The Hang Seng Composite Index is up 4.3% in 2019, despite a city in recession. It is dominated at the moment by the movements of financials and a few IT companies. Chief among them is gaming maker and WeChat operator Tencent Holdings (TCEHY) . Tencent has its primary listing in Hong Kong, and is the largest constituent of the Hang Seng, at 9.2%.
The second-largest component is the bank HSBC Holdings (HSBC) , at 8.2%. The surge in Asian wealth is driving growth for both client assets and revenue in HSBC's private-banking business, the unit's CEO tells Reuters in an interview today. "Asia is by far the region that is growing the most," Antonio Simoes says, comprising 42% of its private-banking assets.
HSBC is one of the few private banks with an onshore license to operate within mainland China. It has a presence in Shanghai, Beijing and Guangzhou. But it sees any growth there as a decades-long strategy governed by how regulations change. Offshore businesses, particularly those in Hong Kong and Singapore, are the primary way that private banks serve Asian money, including Chinese.
Despite the last six months of pro-democracy demonstrations here, money keeps arriving. Hong Kong has a freely convertible currency that's pegged to the U.S. dollar. Anyone can walk into a property brokerage here and buy an apartment (though nonresidents pay a heavier tax freight). You can open a bank account, or a brokerage account, with an ID, and move your money quickly and easily in and out of the city.
The same is not true in mainland China, where the yuan is held tightly to Beijing's chest. China's domestic A shares are open only to investors within its borders, and big foreign banks via a small quota. Most sane people would not want to buy them anyway, since they are driven to far higher valuations than justified by domestic retail investors. Those punters have nowhere other than the tightly regulated property market and A share stocks to invest.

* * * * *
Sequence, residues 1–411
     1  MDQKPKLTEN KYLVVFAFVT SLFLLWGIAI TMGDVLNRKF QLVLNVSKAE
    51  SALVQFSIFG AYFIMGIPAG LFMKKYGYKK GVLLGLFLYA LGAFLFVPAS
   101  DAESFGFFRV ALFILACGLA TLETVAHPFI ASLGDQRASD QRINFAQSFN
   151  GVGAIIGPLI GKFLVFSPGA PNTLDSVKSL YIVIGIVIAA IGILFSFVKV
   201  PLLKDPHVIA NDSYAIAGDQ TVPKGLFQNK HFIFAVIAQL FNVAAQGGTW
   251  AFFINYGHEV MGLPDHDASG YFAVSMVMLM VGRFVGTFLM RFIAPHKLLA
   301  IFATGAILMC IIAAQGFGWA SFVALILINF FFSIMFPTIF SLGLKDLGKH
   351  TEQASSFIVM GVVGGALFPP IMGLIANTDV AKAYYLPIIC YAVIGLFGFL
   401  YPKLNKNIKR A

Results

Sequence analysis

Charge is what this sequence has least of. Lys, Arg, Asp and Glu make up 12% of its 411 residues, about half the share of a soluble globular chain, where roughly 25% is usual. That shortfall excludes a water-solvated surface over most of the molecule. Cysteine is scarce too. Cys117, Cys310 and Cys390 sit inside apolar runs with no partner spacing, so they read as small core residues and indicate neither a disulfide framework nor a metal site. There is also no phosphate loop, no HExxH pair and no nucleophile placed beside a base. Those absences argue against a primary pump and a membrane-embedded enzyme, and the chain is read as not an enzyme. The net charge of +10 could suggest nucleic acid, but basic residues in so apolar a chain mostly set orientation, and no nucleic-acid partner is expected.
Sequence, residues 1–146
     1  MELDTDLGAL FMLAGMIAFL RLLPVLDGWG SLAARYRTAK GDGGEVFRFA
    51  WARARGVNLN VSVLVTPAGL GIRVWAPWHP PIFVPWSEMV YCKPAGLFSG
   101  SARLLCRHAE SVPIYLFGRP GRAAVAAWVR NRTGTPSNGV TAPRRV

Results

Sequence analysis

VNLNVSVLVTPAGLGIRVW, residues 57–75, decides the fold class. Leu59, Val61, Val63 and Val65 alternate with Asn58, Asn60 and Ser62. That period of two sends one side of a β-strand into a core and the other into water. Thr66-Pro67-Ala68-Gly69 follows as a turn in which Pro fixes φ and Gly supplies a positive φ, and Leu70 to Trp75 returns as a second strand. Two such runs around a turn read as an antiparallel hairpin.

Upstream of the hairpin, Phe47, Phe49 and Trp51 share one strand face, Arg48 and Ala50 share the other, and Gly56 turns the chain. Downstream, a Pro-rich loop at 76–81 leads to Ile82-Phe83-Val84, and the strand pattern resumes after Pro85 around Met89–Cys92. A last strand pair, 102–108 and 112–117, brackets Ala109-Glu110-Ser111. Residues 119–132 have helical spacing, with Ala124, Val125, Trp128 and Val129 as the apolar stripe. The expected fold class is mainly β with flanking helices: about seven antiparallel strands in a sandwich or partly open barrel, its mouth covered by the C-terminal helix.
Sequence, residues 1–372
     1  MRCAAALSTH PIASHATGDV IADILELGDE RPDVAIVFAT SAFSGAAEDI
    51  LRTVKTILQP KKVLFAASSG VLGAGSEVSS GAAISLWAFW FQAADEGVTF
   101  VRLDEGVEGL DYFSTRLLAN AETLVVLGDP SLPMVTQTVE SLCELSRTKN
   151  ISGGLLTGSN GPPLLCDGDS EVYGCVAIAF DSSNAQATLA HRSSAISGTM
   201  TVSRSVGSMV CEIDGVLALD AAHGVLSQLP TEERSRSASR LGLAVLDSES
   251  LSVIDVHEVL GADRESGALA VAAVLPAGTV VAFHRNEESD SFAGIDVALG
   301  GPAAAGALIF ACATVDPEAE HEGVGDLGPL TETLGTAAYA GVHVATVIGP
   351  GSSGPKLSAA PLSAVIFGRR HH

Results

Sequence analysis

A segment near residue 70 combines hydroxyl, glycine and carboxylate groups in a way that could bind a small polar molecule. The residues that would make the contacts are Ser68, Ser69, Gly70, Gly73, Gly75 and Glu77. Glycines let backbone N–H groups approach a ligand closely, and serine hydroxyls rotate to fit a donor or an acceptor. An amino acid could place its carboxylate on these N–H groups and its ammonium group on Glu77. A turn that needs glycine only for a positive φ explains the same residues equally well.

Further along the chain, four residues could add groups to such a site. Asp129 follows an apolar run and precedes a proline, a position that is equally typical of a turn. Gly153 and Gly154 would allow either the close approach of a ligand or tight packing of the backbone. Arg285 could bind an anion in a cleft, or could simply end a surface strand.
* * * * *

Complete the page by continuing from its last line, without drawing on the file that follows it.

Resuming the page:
Hong Kong was written off at its very outset. It was described as a "barren island with hardly a house upon it" by the British Foreign Secretary Lord Palmerston, as viewed from his London office. Palmerston then sacked the man, Charles Elliot, who negotiated its perpetual lease from the Qing Dynasty, for failing to secure sufficient concessions. Elliot, the chief superintendent of trade for Britain in China, was also a naval officer, and presciently saw the value in the deep-water harbor.
Hong Kong will retain its place for a different kind of trade, the kind that flickers on screens. The Alibaba listing demonstrates that. I'm sure the Beijing authorities are plotting ways, double time, for the markets in Shanghai to offer an alternative to those here in Hong Kong. But the pro-democracy demonstrations, in which we're basically demanding to select Hong Kong's mayor, prove how difficult it is for them to surrender even a modicum of control.